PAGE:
What do you do when there aren’t enough volunteers to go around?

 That was the problem facing Big Brothers, Big Sisters of Toronto (BBBST). Though the organization services the entire City of Toronto, BBBST found that it was having trouble distributing its resources outside the centralized downtown core. The need for a new decentralization strategy became increasingly apparent. 

BBBST has always strived to have a strong understanding of the diverse communities in Toronto and considers it extremely important to be physically in the communities the organization serves. That need was especially true in Scarborough, where the number of waiting Littles far exceeded the number of available Bigs or volunteers.

 Thankfully, the Ontario government was able to help BBBST tackle the discrepancy. The organization applied for (and received) a one-year Seed Grant from the Ontario Trillium Foundation to investigate the issue, and followed that up with a three-year Trillium Grow Grant that allowed BBBST to act on its findings.

 As a result, BBBST is now pursuing a decentralization strategy and has established a dedicated team in Scarborough to better meet the needs of people in the community. So far, the program has been an overwhelming success. BBBST is attracting more volunteers and developing a stronger rapport with other grassroots organizations in the area.

 “With alternate locations, families could access our services in their communities where they are more comfortable,” says Alexandra Drakos. Drakos is the Manager of Scarborough Service Delivery for BBBST. “Transportation, scheduling, volunteers – it’s much easier to do these things when our services are within walking distance.”

 Caroline Kent, BBBST’s Manager of Grants and Strategic Partnerships, similarly attributes the organization’s recent progress to its initial Trillium Grant. BBBST sought the Grant to figure out if any barriers prevented people (and men in particular) from volunteering in Scarborough. The funding allowed the organization to identify the specific nature of the problem, and take more effective steps to address it.   

 So what were the biggest obstacles facing BBBST?

 “It comes down to brand visibility,” Drakos says, explaining that many people were unaware of the volunteer opportunities that were available in Scarborough. “People didn’t realize that we’re still part of the community and still offer services for volunteers.”

 BBBST has since tried to raise its profile in the area. Led by Community Engagement Specialist Azfar Islam, the organization made a concerted attempt to reach out to community leaders, educational institutions, and other organizations and is now running programs out of local Scarborough establishments. Building that genuine relationship with the community offset the gravitational pull of downtown Toronto – and ultimately boosted BBBST’s recruitment efforts.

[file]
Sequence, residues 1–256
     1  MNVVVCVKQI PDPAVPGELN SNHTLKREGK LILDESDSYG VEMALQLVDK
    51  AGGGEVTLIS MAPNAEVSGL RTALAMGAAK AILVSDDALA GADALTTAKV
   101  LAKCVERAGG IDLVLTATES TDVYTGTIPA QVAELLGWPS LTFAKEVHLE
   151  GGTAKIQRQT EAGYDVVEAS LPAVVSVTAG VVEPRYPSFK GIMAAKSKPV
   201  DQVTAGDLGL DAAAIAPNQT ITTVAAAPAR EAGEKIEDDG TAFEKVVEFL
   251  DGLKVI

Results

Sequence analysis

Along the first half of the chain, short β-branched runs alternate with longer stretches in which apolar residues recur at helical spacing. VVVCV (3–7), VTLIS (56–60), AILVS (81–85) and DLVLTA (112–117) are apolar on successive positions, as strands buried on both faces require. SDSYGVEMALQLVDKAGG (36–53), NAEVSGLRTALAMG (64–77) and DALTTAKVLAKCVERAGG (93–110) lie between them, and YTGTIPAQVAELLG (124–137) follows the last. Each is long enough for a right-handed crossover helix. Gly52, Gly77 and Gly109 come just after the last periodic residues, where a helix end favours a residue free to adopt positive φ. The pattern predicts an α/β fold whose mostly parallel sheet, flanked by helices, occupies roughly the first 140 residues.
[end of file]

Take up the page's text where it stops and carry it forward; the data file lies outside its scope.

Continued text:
“We were able to use the feedback from our focus groups to bring more visibility to the agency,” Drakos says. “Because of our intentional recruitment, we are seeing an increase of volunteers coming in.”

 According to Islam, the Seed Grant also exposed some of BBBST’s organizational inefficiencies. Most notably, BBBST discovered that its onboarding process was too long, and was so much of a hassle that it deterred many potential volunteers. BBBST is now trying to update its infrastructure to make its services more welcoming and more accessible. The overhaul is still ongoing, but Islam suggests that decentralization has accelerated the transition.

 “We came up with a much more streamlined process that’s already much better than before,” Islam says. “We’re able to process volunteers a lot quicker because of the dedicated staff for [the Scarborough] community.”

 That’s equally good news for families in Scarborough. Thanks to the influx of volunteers, Littles no longer need to make the trek to the downtown core to take advantage of BBBST services or to be paired with a Big.

 BBBST applied for a Seed Grant because it wanted to build a stronger foundation in Scarborough. The subsequent investigation encouraged the organization to allocate more resources to a Toronto community that often doesn’t get as much attention as the downtown core. One year on from the start of the project, that decision is already paying dividends – and the trend is likely to continue as BBBST uses its Grow Grant to implement its decentralization strategy.